n Journal for Contemporary History - Ethnic mobilisation and Kenya's foreign policy in the face of the International Criminal Court (ICC)
|Article Title||Ethnic mobilisation and Kenya's foreign policy in the face of the International Criminal Court (ICC)|
|© Publisher:||University of the Free State|
|Journal||Journal for Contemporary History|
|Affiliations||1 University of Johannesburg|
|Publication Date||Jun 2016|
|Pages||103 - 125|
|Keyword(s)||Buitelandse beleid, Diplomacy, Diplomasie, Foreign policy, Geregtigheid, Impunity, Internasionale Kriminele Hof, International Criminal Court, Justice, Kenia, Kenya, Kleptocrat, Kleptokraat, Plutocracy, Plutokrasie, Stamverband/etnisiteit, Straffeloosheid and Tribalism/ethnicity|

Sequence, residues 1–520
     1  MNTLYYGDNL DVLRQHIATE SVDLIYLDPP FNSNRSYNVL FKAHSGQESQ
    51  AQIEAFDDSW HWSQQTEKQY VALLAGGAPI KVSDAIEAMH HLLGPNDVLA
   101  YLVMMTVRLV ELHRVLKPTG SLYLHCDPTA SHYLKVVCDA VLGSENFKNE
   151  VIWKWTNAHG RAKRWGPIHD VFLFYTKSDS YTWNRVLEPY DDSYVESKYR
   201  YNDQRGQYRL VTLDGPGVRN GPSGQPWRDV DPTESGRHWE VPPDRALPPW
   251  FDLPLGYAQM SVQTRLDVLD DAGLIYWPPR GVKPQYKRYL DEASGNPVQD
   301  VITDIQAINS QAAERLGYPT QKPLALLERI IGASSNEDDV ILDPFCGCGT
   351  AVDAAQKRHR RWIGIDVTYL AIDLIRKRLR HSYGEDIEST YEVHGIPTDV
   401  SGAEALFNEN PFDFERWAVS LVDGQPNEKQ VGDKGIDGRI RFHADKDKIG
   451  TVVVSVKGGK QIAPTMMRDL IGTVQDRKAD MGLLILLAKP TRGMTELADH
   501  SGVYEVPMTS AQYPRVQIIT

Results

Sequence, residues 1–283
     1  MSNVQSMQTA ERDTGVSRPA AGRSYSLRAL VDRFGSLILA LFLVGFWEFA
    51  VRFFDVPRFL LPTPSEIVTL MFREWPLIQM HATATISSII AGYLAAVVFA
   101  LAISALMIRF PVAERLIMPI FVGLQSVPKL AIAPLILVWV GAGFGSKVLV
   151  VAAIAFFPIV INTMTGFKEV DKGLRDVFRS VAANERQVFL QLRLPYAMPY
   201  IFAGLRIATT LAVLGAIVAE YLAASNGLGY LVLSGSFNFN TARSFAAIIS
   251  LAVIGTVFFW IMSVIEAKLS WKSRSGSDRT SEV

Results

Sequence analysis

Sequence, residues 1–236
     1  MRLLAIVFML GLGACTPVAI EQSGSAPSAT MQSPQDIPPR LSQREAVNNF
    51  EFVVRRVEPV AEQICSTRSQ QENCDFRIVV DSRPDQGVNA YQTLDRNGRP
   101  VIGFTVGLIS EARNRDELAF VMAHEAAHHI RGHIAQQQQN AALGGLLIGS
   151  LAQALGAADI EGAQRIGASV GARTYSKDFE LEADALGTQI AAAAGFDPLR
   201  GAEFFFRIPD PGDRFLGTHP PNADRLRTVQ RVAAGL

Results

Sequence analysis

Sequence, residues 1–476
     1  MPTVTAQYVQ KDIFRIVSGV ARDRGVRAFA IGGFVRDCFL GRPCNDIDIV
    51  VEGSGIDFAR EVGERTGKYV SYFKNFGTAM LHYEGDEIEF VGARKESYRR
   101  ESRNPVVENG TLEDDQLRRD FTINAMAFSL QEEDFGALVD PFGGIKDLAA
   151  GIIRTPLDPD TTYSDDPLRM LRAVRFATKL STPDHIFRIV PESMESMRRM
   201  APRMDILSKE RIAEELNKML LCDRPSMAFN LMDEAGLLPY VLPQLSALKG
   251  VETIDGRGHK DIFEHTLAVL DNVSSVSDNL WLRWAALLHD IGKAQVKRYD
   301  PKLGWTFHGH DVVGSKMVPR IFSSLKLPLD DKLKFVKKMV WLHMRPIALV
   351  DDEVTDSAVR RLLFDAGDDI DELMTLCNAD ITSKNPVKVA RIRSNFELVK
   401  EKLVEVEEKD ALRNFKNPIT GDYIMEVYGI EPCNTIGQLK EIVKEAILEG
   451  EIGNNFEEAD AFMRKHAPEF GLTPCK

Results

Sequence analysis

Until the issue of international criminal justice entered into Kenya's politics, following the violently disputed 2007 elections, Kenya's successive governments had never taken international diplomacy and foreign policy seriously or, at least, had never publicly appeared to do so. Never before had the two concepts been so ubiquitous in the country's political lexicon as when the Mwai Kibaki government mobilised locally, continentally and globally in an attempt to torpedo two cases facing prominent Kenyans, the highest profile being Uhuru Kenyatta and William Ruto, at the International Criminal Court (ICC). Kibaki, and later his successor Kenyatta, aggressively canvassed for support on the international stage against the ICC. Kenya featured prominently in regional summits, African Union summits, at the United Nations Security Council (UNSC), and within the Assembly of States Parties (ASP) of the Rome Statute as it tried to make a no-holds-barred onslaught against the ICC. This article considers whether this show of diplomatic force, which resulted in Kenya extracting concessions from the ICC, was consistent with a well thought out and coherent foreign policy or a cynical reaction meant to rescue indicted persons from the grip of the international criminal justice.
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